“Ethal, daughter of Iral!” There was a collective gasp that bubbled the water as Ethas, as she had previously been known, swam into the Bed with as much confidence as she could manage. Her thick, black hair was flowing behind her, rather than tied up like Mordis’s, Addas’s, and the other male warriors. Over her pectoral muscles, usually bare, she wore the two beautiful shells she had found earlier in the day. The small chip that had been present in one of the shells had been cleverly covered with a shark’s tooth, and an identical one was present on the flawless shell, affixing them together in the center. The rest of the piece was tied around Ethal’s neck and around her chest, in the traditional style of all mermaids.


The reaction of the gathered school was initially one of shock. They had never seen anything like Ethal and her unexpected, expected appearance. The silence that accompanied that shock hung like a strange stillness in the ocean, the only vibrations in the water coming from Ethal’s movements. As she swam toward the center of the Bed, she made a point of holding her head high, and she refused to look into the faces of anyone in the school, particularly her family. What she was doing now was the most difficult thing she had ever had to do. Looking into the eyes of her parents or her siblings seemed to be even harder still.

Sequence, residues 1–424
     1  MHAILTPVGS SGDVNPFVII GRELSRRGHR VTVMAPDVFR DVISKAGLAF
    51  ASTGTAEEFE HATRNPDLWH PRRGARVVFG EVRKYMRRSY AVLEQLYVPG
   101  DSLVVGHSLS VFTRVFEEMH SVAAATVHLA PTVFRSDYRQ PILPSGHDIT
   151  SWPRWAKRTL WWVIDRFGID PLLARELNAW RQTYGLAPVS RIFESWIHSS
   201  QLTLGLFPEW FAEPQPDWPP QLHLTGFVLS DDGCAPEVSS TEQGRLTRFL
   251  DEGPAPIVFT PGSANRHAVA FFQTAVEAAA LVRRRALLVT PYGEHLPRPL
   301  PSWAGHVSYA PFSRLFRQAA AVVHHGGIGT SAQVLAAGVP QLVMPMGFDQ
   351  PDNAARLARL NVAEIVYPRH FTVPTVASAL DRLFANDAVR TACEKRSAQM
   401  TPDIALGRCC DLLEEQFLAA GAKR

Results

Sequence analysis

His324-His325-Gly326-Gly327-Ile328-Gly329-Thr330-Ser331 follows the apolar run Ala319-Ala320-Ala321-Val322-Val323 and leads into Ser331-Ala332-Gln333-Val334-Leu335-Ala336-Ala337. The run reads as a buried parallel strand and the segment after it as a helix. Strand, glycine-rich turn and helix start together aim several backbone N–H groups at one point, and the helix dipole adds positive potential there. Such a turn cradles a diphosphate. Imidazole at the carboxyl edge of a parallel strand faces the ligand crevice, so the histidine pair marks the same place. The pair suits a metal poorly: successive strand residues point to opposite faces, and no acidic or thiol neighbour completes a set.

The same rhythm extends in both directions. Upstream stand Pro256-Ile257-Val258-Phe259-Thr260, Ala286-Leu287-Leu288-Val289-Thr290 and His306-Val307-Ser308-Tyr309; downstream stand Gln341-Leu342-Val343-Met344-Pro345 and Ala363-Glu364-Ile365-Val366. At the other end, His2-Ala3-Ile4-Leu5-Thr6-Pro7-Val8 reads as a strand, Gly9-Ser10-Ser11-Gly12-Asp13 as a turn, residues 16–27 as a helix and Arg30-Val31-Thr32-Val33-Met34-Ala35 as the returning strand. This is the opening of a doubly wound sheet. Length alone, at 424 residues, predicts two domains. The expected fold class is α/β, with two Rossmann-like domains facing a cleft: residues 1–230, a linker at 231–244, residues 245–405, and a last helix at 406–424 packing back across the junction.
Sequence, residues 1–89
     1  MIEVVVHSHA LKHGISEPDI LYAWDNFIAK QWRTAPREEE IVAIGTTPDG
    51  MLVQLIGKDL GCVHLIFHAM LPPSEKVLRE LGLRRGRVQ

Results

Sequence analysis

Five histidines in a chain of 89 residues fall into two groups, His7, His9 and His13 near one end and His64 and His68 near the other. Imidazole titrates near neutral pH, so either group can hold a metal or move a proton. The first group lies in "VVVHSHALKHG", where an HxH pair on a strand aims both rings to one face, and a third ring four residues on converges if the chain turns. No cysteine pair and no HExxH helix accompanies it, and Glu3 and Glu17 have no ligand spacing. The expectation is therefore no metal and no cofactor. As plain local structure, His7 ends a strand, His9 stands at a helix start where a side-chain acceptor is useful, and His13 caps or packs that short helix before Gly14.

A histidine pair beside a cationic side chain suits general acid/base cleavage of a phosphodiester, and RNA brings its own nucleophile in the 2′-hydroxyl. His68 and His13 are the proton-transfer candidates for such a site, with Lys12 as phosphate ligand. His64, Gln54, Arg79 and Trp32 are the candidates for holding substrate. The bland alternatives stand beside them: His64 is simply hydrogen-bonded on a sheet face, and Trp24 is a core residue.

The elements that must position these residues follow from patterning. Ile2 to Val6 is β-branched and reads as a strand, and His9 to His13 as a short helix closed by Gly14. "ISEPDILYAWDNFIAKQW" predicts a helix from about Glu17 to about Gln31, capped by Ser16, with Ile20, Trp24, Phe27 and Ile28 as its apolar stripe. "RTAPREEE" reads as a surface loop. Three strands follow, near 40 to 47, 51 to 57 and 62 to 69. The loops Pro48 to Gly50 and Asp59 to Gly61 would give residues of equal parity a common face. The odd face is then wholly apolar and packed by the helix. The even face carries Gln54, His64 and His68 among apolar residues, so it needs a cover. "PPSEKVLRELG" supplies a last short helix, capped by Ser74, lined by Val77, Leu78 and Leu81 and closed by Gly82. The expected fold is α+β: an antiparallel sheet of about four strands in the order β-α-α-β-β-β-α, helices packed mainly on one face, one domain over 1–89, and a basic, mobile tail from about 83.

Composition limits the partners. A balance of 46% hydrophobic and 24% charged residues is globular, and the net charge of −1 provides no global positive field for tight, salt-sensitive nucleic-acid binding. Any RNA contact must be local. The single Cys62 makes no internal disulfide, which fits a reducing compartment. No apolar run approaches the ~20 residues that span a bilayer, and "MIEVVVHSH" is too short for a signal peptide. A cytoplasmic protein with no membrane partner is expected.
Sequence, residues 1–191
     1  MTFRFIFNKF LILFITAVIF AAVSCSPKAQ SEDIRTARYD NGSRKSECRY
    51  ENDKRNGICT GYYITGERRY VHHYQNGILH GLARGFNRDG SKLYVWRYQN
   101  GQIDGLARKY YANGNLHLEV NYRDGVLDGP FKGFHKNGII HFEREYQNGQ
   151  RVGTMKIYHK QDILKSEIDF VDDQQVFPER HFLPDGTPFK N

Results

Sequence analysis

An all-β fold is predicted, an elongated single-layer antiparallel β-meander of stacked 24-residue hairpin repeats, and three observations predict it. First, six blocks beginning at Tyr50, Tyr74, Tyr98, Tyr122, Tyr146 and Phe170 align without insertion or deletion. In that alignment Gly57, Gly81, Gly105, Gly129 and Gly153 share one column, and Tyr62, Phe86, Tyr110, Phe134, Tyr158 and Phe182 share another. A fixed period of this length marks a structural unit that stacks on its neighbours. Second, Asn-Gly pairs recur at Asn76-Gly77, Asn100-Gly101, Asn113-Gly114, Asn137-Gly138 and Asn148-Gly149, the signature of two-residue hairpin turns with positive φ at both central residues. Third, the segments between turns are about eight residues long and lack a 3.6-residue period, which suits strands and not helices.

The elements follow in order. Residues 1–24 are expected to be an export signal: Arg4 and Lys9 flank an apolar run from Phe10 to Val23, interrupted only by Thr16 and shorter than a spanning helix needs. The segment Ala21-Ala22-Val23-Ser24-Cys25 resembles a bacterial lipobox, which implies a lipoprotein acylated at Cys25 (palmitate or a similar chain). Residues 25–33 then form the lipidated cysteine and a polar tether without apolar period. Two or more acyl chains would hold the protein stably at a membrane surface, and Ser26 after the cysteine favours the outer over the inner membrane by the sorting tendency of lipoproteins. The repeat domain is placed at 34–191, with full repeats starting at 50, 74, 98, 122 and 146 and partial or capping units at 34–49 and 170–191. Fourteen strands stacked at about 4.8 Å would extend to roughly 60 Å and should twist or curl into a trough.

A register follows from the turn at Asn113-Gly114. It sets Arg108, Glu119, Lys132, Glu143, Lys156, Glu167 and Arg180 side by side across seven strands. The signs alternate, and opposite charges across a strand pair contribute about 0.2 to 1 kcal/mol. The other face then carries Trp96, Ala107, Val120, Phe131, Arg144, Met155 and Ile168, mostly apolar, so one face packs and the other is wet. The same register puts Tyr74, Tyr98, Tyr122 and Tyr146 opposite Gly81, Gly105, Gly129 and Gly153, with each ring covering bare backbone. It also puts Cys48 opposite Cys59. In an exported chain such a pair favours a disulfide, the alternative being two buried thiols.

Then the whispers began, almost as if a silent and instantaneous agreement had been reached by the stunned merfolk of the Maelstroms. The whispers and murmurs converged into a constant wave that felt nothing like voices to the young mermaid planeswimmer. No voices could be detected amongst the tumult, it was merely a constant shaking of the waters, as if a quake were rattling the ocean floor. Still, Ethal continued to swim slowly and surely toward the center, where her family waited, their expressions still unknown to her. The vibrations grew in strength as she moved, only lowering slightly as she passed nearer to the loudest of them. The sea was practically raging with the cacophony of their murmurs, and finally, unable to stand it anymore, Ethal came to a halt a dozen yards from her family.